I walk away from an evening of such brilliant jazz feeling inspired and blessing the luck of almost eight decades of life. How can you listen to Duke Ellington’s music without being buoyed up! Marcus Roberts said last night that jazz lies at the soul of America and is always new and renewable. I think it is the most democratic music for it allows each individual musician to play “his own horn” while working in an ensemble and playing off as well as with the others. Everyone is given a voice. That is why it is the music of equal opportunity and brashness in the face of adversity. It is also a music of stable rhythms and clarity in the sound. You can hear every note, especially from the sax players.

As yesterday proved, the old can be new again, for democracy has a built-in reverence for tradition and the rule of law, but not as a set of prison bars, but as standard setting and discipline, as a framework within which individuals can grow and thrive. Democracy is NOT populism. Democracy depends on a depth of knowledge of one’s tradition and one’s contemporary environment. If it is great jazz, it is never superficial where mouthing what first comes into your mind can be mistaken for “telling it as it is.” Jazz is not postmodernist where everything is said to be of equal value. Democracy is built on standards and a dedication to protecting and enhancing those standards and allowing each individual to realize his or her full potential.

When I return in subsequent blogs to dissecting the internal and external dynamics of so-called “democracy” in Iran, please keep this in mind. Does the democracy deliver tambour and constantly renew itself by providing a decorative interlacing dialectic between the society and the supporting columns and foundations that raise that society up as well as hold it together? Do the rhythms and counter-rhythms play off one another and with one another, or does one side of the tension turn into a disloyal opposition intent on serving as a spoiler rather than a creative counter? Is the repetition and dominant rhythm one of a military band that ensures that everyone marches to the same tune, or is the beat there to ensure a constitutional core that facilitates spontaneity and creativity? Is the conversation one of call and response or does it display deaf ears that turn away from the language of the other? Does the political system cultivate listening or deafen us to the voices of others? In other words, as the miasma bubbles up in a volcanic changing environment, do we experience flight in the face of real or imagined fears, away from freedom, or does the prospect of change and renewal inspire a move towards freedom?

I do not mean to put down the mambo and the samba, rhumba or calypso, but jazz is the soul of America, as Marcus Roberts declared, because it and it alone reveres riffing and improvisation. America par excellence is the country of discovery, of invention. Are we promoting multiplicity or insisting upon uniformity? Are we revering dynamism or stasis? Are we insisting upon strict and confining boundaries or a realm which challenges and alters those boundaries? Do we revere blackness, the revelations of the dark side, or does that just scare the bejeebies out of us? And then do we wear hoods over our heads and white robes in the elusive and eternally unsuccessful, indeed absolutely stupid pursuit of absolute purity, terrific and necessary for the lab but irrelevant to the brutal confusions and chaos of everyday life? Do we understand that democracy has far more to do with the experience of Black Americans, as much as we owe to the white founders, some of whom owned slaves, who read David Hume, John Locke and Adam Smith and were children of the Scottish enlightenment? For though jazz is about invention and improvisation, that creativity requires standards of excellence, mastery of foundations. That is why Marcus Roberts is so dedicated to the preservation and renewal of the greats who founded the jazz tradition. Are those who inspire us – Gershwin and Stravinsky, Matisse and Picasso – ones who loved jazz? Is the political music open-ended or does it lead us to a dead end? Do we build by mastering a legacy or turning that heritage into idolatry?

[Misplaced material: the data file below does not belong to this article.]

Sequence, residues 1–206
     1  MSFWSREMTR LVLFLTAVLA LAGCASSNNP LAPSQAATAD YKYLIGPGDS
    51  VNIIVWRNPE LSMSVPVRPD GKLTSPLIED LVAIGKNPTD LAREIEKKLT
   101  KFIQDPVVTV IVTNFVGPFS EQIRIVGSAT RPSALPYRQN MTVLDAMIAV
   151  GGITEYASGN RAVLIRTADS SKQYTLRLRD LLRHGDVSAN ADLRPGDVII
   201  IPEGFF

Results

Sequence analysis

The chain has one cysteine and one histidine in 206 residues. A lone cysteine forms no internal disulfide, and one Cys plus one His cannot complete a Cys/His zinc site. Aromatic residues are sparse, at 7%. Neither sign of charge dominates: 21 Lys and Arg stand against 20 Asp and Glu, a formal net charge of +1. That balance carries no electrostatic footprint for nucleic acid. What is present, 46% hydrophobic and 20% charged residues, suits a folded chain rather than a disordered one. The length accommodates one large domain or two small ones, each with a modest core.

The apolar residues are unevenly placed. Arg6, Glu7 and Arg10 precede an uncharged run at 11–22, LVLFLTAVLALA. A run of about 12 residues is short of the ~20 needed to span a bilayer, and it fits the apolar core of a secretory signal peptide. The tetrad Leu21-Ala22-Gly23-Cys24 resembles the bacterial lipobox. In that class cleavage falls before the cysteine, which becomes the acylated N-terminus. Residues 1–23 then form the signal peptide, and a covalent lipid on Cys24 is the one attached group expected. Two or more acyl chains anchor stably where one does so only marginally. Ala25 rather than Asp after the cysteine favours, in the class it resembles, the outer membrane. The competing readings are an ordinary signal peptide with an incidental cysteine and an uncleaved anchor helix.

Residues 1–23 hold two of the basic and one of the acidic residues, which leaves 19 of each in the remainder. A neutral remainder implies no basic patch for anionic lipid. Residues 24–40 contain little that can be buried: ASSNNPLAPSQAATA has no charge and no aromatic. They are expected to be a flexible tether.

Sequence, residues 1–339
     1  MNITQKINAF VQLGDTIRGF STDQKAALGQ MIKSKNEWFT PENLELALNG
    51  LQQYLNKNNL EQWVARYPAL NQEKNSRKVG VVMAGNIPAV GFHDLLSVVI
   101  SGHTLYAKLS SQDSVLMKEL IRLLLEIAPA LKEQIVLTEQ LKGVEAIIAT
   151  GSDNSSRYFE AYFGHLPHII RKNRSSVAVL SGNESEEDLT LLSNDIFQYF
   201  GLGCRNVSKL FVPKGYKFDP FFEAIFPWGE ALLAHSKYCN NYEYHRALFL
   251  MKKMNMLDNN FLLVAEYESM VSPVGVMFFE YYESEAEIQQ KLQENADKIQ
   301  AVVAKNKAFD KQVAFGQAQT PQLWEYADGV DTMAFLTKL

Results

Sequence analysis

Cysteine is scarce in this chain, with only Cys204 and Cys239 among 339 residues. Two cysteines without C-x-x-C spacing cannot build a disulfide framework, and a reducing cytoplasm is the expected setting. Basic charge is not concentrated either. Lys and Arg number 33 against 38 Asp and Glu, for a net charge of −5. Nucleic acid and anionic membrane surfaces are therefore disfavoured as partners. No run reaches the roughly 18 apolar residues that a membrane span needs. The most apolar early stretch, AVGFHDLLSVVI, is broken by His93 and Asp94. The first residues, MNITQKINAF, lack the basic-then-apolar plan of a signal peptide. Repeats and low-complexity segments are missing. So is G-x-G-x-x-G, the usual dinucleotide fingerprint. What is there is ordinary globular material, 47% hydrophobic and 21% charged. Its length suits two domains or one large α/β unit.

Is our language of discourse one about frontiers or about closed and walled-off spaces? Is it about cross-fertilization of differences or about the restrictive boundaries? I, of course, in writing about Iran, will also be writing about Canada and the U.S.

Life versus Desire – August: Osage County

Life versus Desire – August: Osage County

by

Howard Adelman

Last night, August: Osage County did not win a single Golden Globe Award. Though Meryl Streep was nominated for an award for the best performance by an actress in a motion picture – comedy or musical, Amy Adams won for her excellent performance in American Hustle. And although Julia Roberts was nominated for best performance by an actress in a supporting role in a motion picture, Jennifer Lawrence won for her exceptional and quite unique part in American Hustle. Amy and Jennifer were both superb and gave outstanding performances. But they were just that, performance, brilliant improvisations and great exhibitions.